“Well, you can just stop and think of what could happen if anybody with a decent system of government got control of that mainland. Good God.… There’d be no power in the world that could even—I mean, you put 800 million Chinese to work under a decent system… and they will be the leaders of the world.”
― Henry Kissinger, On China
Commentary & Analysis
Dollar Retrospective Chart 1971-2016: Next Major Cyclical Driver?
Here’s a retrospective and, hopefully, some perspective on the drivers of the long-term trends in the US dollar index in the era of free-floating after President Nixon closed the gold window on August 15th 1971 and rendering the Brenton Woods system to the dustbin of history. I have added the major macro (blue) events and more specific triggers (maroon) that led to multi-year trend changes; i.e. bull and bear markets, in the dollar.
Also notice I have added an Elliott Wave count to the current US dollar bull market which began back in March 2008, triggered of course by the credit crunch, aka the saturation of the US capital markets a la the massive recycling of the Chinese trade surplus.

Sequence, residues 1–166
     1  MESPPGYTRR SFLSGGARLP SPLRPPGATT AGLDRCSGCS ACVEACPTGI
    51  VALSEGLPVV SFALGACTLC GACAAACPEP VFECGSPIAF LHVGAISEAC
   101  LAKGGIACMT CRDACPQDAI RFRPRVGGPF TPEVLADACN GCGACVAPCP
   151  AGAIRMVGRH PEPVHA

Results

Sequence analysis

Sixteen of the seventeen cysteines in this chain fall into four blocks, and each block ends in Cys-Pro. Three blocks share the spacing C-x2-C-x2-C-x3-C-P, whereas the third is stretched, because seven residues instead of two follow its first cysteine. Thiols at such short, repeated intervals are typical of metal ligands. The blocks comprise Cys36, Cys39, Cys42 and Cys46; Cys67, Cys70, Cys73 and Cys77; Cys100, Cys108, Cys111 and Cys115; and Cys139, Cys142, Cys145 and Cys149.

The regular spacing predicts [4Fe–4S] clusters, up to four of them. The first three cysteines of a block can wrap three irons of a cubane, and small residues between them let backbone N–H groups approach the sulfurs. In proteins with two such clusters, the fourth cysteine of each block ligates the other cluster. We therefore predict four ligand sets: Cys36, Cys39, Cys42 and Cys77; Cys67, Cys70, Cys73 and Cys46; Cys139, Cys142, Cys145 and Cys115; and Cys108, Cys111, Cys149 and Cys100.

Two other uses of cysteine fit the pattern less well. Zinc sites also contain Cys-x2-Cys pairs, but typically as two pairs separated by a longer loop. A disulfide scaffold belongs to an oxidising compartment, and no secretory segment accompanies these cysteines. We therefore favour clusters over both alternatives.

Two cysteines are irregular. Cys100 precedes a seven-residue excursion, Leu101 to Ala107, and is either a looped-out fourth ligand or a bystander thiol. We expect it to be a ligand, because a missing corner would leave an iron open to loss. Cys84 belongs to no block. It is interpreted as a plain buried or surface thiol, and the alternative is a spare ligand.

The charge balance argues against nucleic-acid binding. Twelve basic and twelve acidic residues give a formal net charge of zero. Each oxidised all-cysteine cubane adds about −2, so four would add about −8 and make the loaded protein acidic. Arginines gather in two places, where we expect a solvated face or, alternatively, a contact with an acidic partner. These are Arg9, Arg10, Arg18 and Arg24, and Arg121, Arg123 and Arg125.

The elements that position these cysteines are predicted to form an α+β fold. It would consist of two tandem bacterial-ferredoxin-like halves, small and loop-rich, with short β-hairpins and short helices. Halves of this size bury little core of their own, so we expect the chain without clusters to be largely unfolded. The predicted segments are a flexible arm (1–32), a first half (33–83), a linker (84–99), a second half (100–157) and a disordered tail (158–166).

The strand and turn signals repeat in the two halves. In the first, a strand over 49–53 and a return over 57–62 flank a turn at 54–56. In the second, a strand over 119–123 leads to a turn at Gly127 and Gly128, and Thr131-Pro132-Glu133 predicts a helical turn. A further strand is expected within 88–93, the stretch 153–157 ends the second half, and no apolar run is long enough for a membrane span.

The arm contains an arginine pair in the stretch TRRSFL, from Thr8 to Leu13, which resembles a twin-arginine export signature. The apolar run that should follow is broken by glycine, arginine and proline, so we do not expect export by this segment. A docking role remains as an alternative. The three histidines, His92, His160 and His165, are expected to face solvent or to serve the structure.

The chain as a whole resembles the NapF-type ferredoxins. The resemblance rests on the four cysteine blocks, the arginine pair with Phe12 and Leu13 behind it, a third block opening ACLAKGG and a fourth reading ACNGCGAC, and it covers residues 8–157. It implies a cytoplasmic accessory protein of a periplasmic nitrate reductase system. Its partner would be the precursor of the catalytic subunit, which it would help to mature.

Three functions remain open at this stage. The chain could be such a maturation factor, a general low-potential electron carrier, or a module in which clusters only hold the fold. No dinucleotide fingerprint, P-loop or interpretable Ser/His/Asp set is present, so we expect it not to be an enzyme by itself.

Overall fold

I am expecting one more wave higher (5) to a US dollar bull market which is getting a bit long in the tooth when measured against the other bull and bear periods.
Besides the technical wave view, there are a couple of other reasons why I think this dollar bull has more juice left:
1) We have not reached the stage where soccer moms and grocery store baggers are talking about the US dollar. There is just not enough love yet. The dollar bull won’t end until we witness an explicit extreme in bullish sentiment; we aren’t there yet.
2) This rationale is a bit speculative, but I have believed for a while the next growth phase in the world economy will be driven by an Asian consumer boom. We have started to see outlines of that, but we are not there yet. China will have to rebalance first, and that process is still underway. Secondly, this consumer boom will likely be coincident with development of a viable and deeper Asian capital market capable of handling the foreign direct investment flow into Asia part and parcel to a local boom in demand—that hasn’t yet materialized.
Why would an Asian consumer boom lead to a change in the cyclical trend in the US dollar? I suspect because both hot money and foreign direct investment will overwhelmingly be targeted to Asia; and additionally China will no longer be concerned about holding US Treasuries to suppress its currency appreciation. A relatively strong Chinese yuan would further enhance the wealth of Chinese consumers and also satisfy China’s longer term strategy of challenging the US dollar world reserve currency status. As indicated, this view has to be considered guess work at this stage, but I think has a degree of plausibility.
That said, there is always the Black Swan event lingering out there which may be a driver of a trend change. But the point is, until there is another macro sea-change in the global economy, the US dollar bull market should continue.